Wisdom O. Cole received rave reviews for a presentation he put together in college for Black students across the state of California. The Afrikan Black Coalition Conference featured a host of prominent speakers and won Cole the Chancellor’s Achievement Award for Diversity. But more than compliments and commendations, the event and its success gave him a glimpse of the future.
“That was really the point in time where it took off for me,” Cole told his alma mater, University of California Santa Cruz (UCSC), for an article last year. “I was like, ‘this is what I want to do with my life.’ ”
Now director of the NAACP Youth and College Division, he’s doing just that. The national role has Cole working with youth councils, and high-school and college chapters, across the country to empower young Black people in the fight for civil rights. His passion for growing young leaders to build political power will take centerstage when he delivers UMW’s Black History Month Celebration keynote address. The talk, set to take place in the Cedric Rucker University Center’s Chandler Ballroom at 7 p.m., is one of several events hosted by the James Farmer Multicultural Center (JFMC) and planned throughout February.
“We especially appreciate the breadth of his work to empower and equip young people with the knowledge, resources and strategies to enable them to become effective social agents of change,” JFMC Director Marion Sanford said of Cole. “I firmly believe his presence and message to our students and others will inspire them to strive further to make a positive difference in our democracy and beyond.”
Cole earned a bachelor’s degree in chemistry from UCSC’s Oakes College, where he established a reputation as an inspiring student leader and role model. He then earned a master’s in education at the University of San Francisco, remaining in the city to teach math and science at a high school predominantly serving working-class communities of color.
That’s where, Cole told UCSC, he began connecting the dots between his identity as a Black scientist and mathematician and his history as a Black man. In 2018, he took on the role of national training and campaign manager for the NAACP Youth and College Division, working his way up to the division’s top post within three years.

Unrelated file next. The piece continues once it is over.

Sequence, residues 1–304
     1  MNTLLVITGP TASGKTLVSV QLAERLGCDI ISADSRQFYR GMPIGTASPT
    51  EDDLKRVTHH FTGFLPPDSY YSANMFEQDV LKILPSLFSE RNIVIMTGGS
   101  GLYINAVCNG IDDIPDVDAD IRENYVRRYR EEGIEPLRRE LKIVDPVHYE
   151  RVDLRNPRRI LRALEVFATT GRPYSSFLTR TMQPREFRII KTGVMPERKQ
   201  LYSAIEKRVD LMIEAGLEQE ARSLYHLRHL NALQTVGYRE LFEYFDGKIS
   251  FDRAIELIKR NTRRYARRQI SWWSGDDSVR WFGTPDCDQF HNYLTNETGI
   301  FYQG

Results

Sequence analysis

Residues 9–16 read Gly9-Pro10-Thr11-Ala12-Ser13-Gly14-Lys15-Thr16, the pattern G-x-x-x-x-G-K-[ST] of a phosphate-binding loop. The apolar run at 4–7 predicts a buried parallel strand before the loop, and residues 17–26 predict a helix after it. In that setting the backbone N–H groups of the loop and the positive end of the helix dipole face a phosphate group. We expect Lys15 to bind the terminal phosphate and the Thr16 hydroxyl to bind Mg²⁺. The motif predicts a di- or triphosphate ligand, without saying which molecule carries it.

Named among Complex Life’s 32 young activists who are changing the world in 2020, he’s been featured by NPR, VICE, NBC Washington News, the Brookings Institution and The Economist as an advocate for Black youth voter turnout through issue-based campaign organizing.
Other UMW Black History Month Celebration events include tonight’s Great Lives Series lecture on Fannie Lou Hamer, a Mississippi sharecropper who faced down white supremacists and challenged President Lyndon Johnson to secure voting rights for all Americans in the 1960s. The talk, delivered by Kate Clifford Lawson, author of the Hamer biography Walk With Me, will take place in George Washington Hall’s Dodd Auditorium at 7:30 p.m.
The MLK Virtual Project rounds out the month, bringing the North Carolina State University initiative to the Hurley Convergence Center’s Digital Auditorium Feb. 22 and 23. Technology and re-creations allow viewers to experience Dr. Martin Luther King Jr.’s “A Creative Protest” speech (also known as the “Fill Up the Jails” speech), of which no recording exists. A formal presentation will take place Wednesday, Feb. 22, at 6 p.m
For a complete list of UMW’s Black History Month events, visit the James Farmer Multicultural Center’s 2023 Black History Month Celebration page.